Crosscutting Concepts

This resource is explicitly designed to build towards this crosscutting concept.

Comments about Including the Crosscutting Concept
Teachers need to model data analysis techniques and provide additional activities for students struggling with the mathematical and statistical components of this activity. When students are calculating the ratios, considering probabilities, and making predictions about the outcomes of traits in future generations, they are basing their thinking on mathematics.

Resource Quality

  • Alignment to the Dimensions of the NGSS: This activity provides opportunities to engage students in three-dimensional learning by asking them to use their prior knowledge of Mendelian genetics to predict the frequencies of genotype and phenotypes in an offspring of stickleback fish, develop hypotheses, analyze data, and evaluate evidence to support the problem.

  • Instructional Supports: This activity engages students with an authentic phenomenon using pictures of research specimen to obtain data on the presence or absence of pelvic fins in stickleback fish. Students use mathematical thinking to develop hypotheses about whether a phenotype is dominant or recessive. The detailed student handout is divided into three parts and extension activities that supports multiple practices throughout the lesson. The lesson that can be completed in one 50-minute class period and as a homework assignment. The teacher’s guide provides an overview of the activity, curriculum connections, suggested timeline and audience. A detailed list of teaching tips and answer key are also provided.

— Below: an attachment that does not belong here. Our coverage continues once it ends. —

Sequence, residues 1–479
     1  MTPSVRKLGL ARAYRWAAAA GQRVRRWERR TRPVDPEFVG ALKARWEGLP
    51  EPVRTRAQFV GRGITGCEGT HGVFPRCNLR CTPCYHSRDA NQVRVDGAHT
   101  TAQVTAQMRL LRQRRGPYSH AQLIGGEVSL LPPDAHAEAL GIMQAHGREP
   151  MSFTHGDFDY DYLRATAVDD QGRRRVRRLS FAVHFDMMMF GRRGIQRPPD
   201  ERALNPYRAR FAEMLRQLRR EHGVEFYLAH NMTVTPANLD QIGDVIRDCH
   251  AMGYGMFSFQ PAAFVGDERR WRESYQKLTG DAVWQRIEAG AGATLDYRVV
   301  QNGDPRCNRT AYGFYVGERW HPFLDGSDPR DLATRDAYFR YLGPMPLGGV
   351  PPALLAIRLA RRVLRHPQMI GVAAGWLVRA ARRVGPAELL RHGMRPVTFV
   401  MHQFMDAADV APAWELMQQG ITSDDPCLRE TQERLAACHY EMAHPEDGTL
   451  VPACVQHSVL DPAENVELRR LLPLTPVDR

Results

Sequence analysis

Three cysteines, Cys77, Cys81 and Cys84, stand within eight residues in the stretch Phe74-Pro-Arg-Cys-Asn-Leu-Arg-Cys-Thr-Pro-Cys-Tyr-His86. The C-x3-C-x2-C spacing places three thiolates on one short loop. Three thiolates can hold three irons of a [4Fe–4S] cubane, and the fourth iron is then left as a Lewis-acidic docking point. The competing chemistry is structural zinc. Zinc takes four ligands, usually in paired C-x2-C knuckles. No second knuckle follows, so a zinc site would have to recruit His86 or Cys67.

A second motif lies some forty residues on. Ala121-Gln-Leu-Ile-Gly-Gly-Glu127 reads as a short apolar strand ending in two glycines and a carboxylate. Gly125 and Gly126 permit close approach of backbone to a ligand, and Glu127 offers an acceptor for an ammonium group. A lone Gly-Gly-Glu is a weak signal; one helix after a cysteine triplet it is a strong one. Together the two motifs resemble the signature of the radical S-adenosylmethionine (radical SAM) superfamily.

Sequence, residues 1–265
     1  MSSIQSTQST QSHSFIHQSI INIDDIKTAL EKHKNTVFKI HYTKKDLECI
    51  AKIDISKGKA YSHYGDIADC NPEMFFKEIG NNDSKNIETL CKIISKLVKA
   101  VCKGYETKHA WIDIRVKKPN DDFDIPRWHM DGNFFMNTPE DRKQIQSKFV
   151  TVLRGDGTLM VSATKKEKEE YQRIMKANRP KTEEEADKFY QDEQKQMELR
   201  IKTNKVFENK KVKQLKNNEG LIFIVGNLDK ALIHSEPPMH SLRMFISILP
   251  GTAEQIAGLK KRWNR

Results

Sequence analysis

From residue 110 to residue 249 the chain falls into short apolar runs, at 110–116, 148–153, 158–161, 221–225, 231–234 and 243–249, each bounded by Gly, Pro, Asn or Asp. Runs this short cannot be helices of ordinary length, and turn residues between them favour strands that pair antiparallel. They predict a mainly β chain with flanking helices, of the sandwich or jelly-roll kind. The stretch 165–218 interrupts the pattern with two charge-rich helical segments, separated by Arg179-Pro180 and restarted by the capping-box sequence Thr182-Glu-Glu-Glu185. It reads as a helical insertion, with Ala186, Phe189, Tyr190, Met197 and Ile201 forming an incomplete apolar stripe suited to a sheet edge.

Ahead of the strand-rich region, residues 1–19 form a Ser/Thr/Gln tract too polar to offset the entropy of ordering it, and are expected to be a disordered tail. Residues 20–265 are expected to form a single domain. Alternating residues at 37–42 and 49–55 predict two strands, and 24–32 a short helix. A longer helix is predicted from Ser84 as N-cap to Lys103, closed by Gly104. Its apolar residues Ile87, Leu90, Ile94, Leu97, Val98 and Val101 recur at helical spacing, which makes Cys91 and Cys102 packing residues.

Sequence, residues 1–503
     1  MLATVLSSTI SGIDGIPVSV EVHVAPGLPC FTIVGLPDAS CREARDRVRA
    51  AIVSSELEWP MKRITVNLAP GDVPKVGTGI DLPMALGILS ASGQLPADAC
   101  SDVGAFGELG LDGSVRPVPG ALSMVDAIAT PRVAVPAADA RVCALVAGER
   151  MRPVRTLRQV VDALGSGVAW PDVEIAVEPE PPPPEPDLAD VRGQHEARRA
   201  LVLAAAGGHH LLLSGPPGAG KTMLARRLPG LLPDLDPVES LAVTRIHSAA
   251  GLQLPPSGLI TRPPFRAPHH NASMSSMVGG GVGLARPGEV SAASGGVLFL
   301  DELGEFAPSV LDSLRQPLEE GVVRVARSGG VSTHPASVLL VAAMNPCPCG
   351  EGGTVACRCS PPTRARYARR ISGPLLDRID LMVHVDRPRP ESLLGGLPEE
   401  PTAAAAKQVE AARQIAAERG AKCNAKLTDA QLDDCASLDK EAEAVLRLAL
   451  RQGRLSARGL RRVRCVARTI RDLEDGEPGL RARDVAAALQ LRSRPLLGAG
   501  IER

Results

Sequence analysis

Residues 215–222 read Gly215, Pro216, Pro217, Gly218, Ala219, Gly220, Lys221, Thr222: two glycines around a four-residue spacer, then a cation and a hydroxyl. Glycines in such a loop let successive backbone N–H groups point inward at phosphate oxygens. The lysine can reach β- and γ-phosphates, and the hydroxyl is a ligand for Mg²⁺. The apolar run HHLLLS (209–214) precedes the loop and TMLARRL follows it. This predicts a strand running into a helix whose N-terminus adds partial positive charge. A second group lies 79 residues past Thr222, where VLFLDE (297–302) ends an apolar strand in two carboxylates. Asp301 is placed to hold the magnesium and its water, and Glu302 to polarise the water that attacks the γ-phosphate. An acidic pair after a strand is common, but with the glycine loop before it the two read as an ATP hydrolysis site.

• Monitoring Student Progress: The student handout provides many opportunities to apply critical thinking skills rather than rote memorization that are sometimes used to teach genetic principles. However, teachers need to rotate around the classroom and use observational and questioning strategies to check for understanding and monitor students throughout the activity. After completing the activity, teachers can assign the enrichment activities to further explore the genotype-phenotype connection.

  • Quality of Technological Interactivity: This is not an interactive, technology-based resource, although the links to supporting video and to the original research article do enhance the value of the resource.